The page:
Pizza, fruit, chicken, and peanut butter and jelly sandwiches have long been staples on Hillsborough County’s school lunch menus. But they’ve been harder to come by this school year.
It’s also been more difficult to get disposable trays, lids and other paper and plastic supplies because of global supply disruptions, said Shani Hall, general manager of student nutrition services for Hillsborough County Public Schools.
“If you want to do soup, but don’t have a bowl, you’re stuck,” Hall said.
Welcome to school lunch 2021.
Supply-chain problems and labor shortages amid the pandemic are adding headaches to the important daily job of feeding students. Food manufacturers are struggling to meet demand. Distributors are contending with snags getting food to the schools. And schools themselves are shorthanded in the kitchen.
District officials in Pinellas, Pasco and Hillsborough counties said they are feeling the strain in their cafeterias. But they say they’re faring well compared to stories they’ve heard from across the country of schools having to make last-minute Costco runs or eschewing hot lunches due to a lack of staff.
Still, they say they are having to get creative and are retooling their menus at the last minute to account for ordered items that didn’t arrive or to make meal prep easier for cafeteria workers.
“If things weren’t so bad out there, you’d think this is awful,” Hall said. “What our kids are feeling is less variety on the menu, but we’re able to offer a menu.”
The Hillsborough school district gets notifications almost daily of items it’s ordered that didn’t come in to its distributor, said spokesperson Tanya Arja. The district chef changes the menu based on what comes in, she said. Because of that, what’s served may not match what parents and children expected, and there may be fewer options for picky eaters.
Hall gave a recent example where the district was unable to get pizza — a perennial kid favorite. So some schools served Asian chicken instead. It may not have been what students were clamoring for, Hall said, “but we’re offering food.”
The U.S. Department of Agriculture in September issued a waiver that would keep schools from being penalized if they do not meet the federal nutrition standards because of a coronavirus-related supply-chain disruption. It also increased its reimbursement rate for schools, recognizing that prices have risen during the pandemic.
“Schools are still required to the best of their ability to meet all nutrition standards for school meals, but if a supplier shows up and doesn’t have whole grain buns for the day, schools are able to serve a white bun for the day without getting penalized,” said Diane Pratt-Heavner, spokesperson for the nonprofit School Nutrition Association.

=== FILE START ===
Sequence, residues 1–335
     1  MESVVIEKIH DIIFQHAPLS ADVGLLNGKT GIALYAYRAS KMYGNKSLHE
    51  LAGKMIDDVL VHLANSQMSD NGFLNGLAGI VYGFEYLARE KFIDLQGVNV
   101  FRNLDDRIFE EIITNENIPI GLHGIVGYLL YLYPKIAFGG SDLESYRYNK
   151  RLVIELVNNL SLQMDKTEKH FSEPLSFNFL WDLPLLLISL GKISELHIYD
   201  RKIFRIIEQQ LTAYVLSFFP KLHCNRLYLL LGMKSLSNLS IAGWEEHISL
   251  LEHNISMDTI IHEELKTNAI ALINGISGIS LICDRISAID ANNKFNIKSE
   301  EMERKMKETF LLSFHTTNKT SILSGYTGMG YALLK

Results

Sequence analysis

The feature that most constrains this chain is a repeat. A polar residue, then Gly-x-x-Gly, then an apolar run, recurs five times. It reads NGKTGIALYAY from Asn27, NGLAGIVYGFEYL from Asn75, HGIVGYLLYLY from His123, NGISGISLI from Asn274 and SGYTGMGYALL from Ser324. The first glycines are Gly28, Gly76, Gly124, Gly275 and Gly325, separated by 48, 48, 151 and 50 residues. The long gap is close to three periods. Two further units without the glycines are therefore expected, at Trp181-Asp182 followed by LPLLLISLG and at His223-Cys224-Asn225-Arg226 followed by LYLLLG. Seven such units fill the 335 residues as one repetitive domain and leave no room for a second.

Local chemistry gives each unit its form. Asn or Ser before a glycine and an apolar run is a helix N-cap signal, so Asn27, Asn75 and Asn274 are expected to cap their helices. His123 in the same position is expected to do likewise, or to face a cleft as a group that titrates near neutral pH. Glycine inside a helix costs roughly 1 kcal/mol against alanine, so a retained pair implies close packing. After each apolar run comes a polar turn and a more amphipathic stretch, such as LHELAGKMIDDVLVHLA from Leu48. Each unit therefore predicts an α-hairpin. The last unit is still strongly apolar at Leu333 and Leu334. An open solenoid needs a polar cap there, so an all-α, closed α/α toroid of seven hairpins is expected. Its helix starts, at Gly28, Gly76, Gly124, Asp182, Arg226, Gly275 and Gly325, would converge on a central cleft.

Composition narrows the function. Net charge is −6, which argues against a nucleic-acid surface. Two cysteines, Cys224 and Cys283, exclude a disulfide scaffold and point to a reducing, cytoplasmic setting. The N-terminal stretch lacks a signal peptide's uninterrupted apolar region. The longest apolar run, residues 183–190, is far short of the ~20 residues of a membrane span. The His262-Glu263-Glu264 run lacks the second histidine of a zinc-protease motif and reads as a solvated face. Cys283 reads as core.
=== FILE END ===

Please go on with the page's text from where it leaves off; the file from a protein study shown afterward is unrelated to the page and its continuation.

That association in July released survey results from its members saying that 97 percent were worried about continued pandemic-related supply-chain disruptions, and 90 percent were worried about staff shortages.
School meal program directors still don’t know when those two issues might get better, Pratt-Heavner said.
Schools in Pasco County have made substitutions to replace unavailable orders, said district spokesperson Steve Hegarty. The district also is seeing significant staff shortages in cafeterias, he said, made worse at times if staff members have to stay home on quarantine. But he’s not aware of any instance where a school has had to abandon the usual fare it would provide students.
“This is not an ideal situation for us, but at this point, we feel we’ve been able to weather it,” Hegarty said. “I don’t know if it will be better next week or the week after that or the week after that.”
Districts across the state and country are having similar problems, he said, pointing to the St. Johns County School District, which has a note on its website warning parents that “unprecedented issues with the supply chain … are causing us to alter posted menus with little or no notice.”
Pinellas County schools aren’t seeing wholesale shortages so far, but rather a lot of substitutions, said Lynn Geist, the district’s director of food and nutrition. Apple juice temporarily replaced orange juice on menus. The chicken nuggets are different or may be replaced by chicken tenders or another chicken dish. Kids may get Chex Mix instead of Cheez-Its. Styrofoam plates are sometimes replacing the more eco-friendly plates the district normally uses.
The district’s staffing situation is improving, thanks in part to aggressive hiring efforts, Geist said, but cafeteria job vacancies are still about 30 percent higher than pre-pandemic.
Thanksgiving is still about a month away, but Geist already knows that many schools won’t offer the full Thanksgiving meal because of a turkey shortage and transportation issues.
At Sandy Lane Elementary in Clearwater, school food and nutrition manager Jodie Gedenberg points to boxes of stuffing mix she has stockpiled for next month. She knows some of her students wouldn’t have a Thanksgiving meal if it weren’t for school lunch, so she ordered early, knowing the supply issues.
It was Gedenberg who decorated her serving area with pumpkins and gourds this month, positioning one gourd to look like the tongue of a shark, the school’s mascot. She said she feels bad when she can’t give students the meal they’d been expecting, but tries to offer good replacement options.
On Monday, students didn’t seem to mind or even notice that they were getting chicken tenders instead of the advertised chicken nuggets.
“The chicken nuggets are better today,” announced kindergartner Evan Williams.
Asked what he likes about school lunch, kindergartner Arquise Johnson offered high praise.
“They cook the food good, and the cashiers say your name and give you a juice,” Arquise said. “I give it a 10 out of 10.”
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